Tal Cohen's Bookshelf: A Collection of Personal Opinions about Books
(In reply to Lucia's message posted on Friday, 13 June 2008 at 9:58 GMT)

Jack writes in reply to Lucia:
Quote: ''This man -and certainly his work- becomes boring after a very short while.''


You could be a complete dick with no appreciation of one the finest intellects in the last 100 years...

Mmmm - well it's possible....
[311] Posted on Friday, 13 June 2008 at 12:56 GMT [Reply to this] [Permalink]

Lucia writes in reply to Jack:
No, I don't think I am. I didn't mean anything about his intellect, DRH is smart and I'm complaining about this book (that's what I meant here by 'his work') which is just a reenactment of truly groundbreaking work by others, put out like 'Conscience for dummies' in slow, painful, inaccurate metaphores. Nothing he says by himself is revolutionary, the book is a best seller because it presents fascinating subjects like Chaos theory, recursion and G?del's work about undecidability and uncompleteness, all three fields truly revolutionary stuff, in a way that appeals to someone who has never pondered these subjects. English is not my mother tongue so I may not have conveyed exactly what I wanted to say but basically it's quite obvious to me he's not doing any groundbreaking or revolutionary work here. G?del and others are to credit (and indeed he gives credit where credit is due). Lastly, you've got to be kidding me if you think DRH is 'one of the finest intellects of the last 100 years' unless of course your definition of 'one of the finest' is 'anyone who researches something and writes a hefty tome about subjects 40 years old', or your definition of '100 years' could be shorter than mine.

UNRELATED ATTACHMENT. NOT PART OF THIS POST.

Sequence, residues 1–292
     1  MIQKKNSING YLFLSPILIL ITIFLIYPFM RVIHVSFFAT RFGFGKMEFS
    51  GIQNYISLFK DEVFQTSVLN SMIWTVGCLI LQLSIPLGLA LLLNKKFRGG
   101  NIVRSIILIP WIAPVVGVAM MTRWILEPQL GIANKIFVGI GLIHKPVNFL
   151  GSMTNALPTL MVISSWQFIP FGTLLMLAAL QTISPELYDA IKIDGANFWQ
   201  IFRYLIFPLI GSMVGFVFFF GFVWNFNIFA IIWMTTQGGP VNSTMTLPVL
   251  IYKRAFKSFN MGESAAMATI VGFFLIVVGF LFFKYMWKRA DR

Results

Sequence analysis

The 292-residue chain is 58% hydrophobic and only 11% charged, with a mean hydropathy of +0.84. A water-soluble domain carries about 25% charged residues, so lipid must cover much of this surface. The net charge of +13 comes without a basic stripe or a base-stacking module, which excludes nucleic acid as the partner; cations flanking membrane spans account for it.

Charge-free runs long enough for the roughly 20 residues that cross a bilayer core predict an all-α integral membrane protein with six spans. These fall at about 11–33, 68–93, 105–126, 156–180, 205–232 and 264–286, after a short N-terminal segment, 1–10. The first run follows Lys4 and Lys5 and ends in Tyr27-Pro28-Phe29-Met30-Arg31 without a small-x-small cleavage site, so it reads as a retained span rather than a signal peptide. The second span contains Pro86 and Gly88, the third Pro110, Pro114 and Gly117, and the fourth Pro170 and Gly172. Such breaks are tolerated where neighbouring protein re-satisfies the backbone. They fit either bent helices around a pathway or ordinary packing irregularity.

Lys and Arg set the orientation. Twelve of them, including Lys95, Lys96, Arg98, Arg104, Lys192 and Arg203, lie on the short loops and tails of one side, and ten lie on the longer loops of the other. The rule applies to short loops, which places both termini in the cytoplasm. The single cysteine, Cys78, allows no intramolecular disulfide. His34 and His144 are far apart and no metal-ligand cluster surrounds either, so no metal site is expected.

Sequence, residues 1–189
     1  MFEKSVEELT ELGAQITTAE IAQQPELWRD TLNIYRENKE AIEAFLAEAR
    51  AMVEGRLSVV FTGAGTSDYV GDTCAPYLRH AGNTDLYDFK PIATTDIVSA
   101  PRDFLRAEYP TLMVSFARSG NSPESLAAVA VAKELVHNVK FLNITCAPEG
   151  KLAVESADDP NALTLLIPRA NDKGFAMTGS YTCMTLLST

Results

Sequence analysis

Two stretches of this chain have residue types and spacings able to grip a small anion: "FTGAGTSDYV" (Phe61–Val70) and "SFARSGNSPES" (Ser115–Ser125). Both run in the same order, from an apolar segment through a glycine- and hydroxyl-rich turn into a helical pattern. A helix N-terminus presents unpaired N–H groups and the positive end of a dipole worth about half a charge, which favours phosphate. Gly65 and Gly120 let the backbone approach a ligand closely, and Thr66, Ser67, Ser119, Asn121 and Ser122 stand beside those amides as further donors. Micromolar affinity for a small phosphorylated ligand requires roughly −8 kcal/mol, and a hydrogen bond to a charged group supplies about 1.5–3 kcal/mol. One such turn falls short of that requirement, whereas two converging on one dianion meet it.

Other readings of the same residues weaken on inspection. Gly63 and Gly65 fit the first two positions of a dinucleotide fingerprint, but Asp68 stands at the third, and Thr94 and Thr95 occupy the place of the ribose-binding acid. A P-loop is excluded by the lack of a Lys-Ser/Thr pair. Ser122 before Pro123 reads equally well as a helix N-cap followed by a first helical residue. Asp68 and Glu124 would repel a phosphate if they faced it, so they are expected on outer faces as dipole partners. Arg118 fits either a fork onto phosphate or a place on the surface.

[324] Posted on Friday, 13 June 2008 at 21:47 GMT [Reply to this] [Permalink]

tom123b writes in reply to Lucia:
His idea of ''strange loop'' is original. What a lot of readers seem not to have realized is the ''strangeness'' comes from the idea of downward causality, when the apparent cause-and-effect relationship in a system is flipped upside-down. Hofstadter is the first to take this idea from Godel's Incomplete Theorem and apply it to understanding consciousness. (see pg. 169-170 in the book.)
[360] Posted on Saturday, 24 January 2009 at 0:06 GMT [Reply to this] [Permalink]

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